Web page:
I always love the fresh start of the New Year, but this one is special. Next year will be the first time I live my life as a full-time novelist. I’m finally making enough from book sales to turn down freelance work. At this point, the most cost-effective way to spend my time is to write another Detective Jackson novel. I’ve been working toward this goal since August 7, 1989. Read more →
Have you set aside a novel in progress because it was just too hard to write at that point in time? I just did. The futuristic thriller is on hold and I’m back to working on the fifth book in my Detective Jackson series. I feel so relieved. I still plan to write THE ARRANGER (set in 2023), but I’m not in the right space to do it now.
It’s hard for me to admit something is too challenging, but that’s the truth of this situation. Because I’m still a full-time freelance editor, Read more →
I’m participating in National Novel Writing Month for the first time. To hit the goal, I need 1667 words a day for 30 days. Right! But I’m in it for the motivation to write as much as I can every day for a month and finish the draft of my novel in progress. Today I rewrote a scene because it was wrong, losing some words in the process. Tomorrow I’ll interview a SWAT leader, then rewrite the scene again. Both rewrites will be a setback to my NaNo word count, but they’ll bring me closer to my goal of a finished Read more →
I’m in an unusual space at the moment—waiting for feedback on my latest novel and trying to leave the manuscript alone in the mean time. But this phase is also an opportunity to write other things, form new habits, and expand my knowledge base. With those goals in mind, I developed 10 writing resolutions, some of which I’m already working toward and others that are new and exciting.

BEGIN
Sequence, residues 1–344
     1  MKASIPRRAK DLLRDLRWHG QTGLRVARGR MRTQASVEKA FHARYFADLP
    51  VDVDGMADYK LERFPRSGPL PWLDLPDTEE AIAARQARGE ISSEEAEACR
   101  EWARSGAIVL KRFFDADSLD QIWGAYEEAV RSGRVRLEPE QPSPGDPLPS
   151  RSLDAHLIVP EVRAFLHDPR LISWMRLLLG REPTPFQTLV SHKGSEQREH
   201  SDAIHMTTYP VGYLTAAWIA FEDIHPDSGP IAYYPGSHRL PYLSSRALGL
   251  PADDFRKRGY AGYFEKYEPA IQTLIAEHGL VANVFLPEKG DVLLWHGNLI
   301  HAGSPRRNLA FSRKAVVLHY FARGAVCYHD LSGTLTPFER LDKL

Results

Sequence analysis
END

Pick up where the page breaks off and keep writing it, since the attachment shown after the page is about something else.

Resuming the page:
1. Write every day. That means during the week, spend a minimum of three hours on my current big project and on weekends, write blogs, articles, short stories, comedy material, letters to the editor—almost anything to keep the juices flowing.
2. Write bold. Do not be afraid to offend an occasional reader. I can’t make everyone happy. If I did, my stories/blogs/comedy would be boring.
3. Dig deeper into characters’ motivations. Who are these people and why do they act the way they do?
4. Make more trips to the library. I only finish about one in three books I start, so I have to buy books regularly. I’ve been ordering from Powells and buying a mix of new and used. It’s expensive, but I’m supporting other writers, so I don’t feel bad about the money. Yet I need to supplement my purchases with more library books (titles that I’m uncertain about and new books that I can’t afford).
5. Read more literary fiction. Maybe read an occasional poem for inspiration. My writing is straightforward and lean and could benefit from an occasional poetic flair.
6. Conduct research interviews. Meet with law enforcement personnel and others in the community to develop background knowledge for future stories.
7. Listen carefully to first readers. Be open to criticism and willing to fix problems. This is the point of having first readers and why it’s called a first draft.
8. Do not be in a hurry to submit. Let the manuscript sit untouched for a few weeks. Then revise the story with early readers comments in mind. Then send it out to other readers.
9. Start outlining my next novel. So I’m already writing it when the rejections start coming in. It’s easier to think “This next story will be the one,” if I’m in the process and feeling good about the new story.
10. Write new comedy material. It’s hard work, but great fun at the same time. It’s an important creative change of pace to get away from the serious crime stuff. Then go perform that material.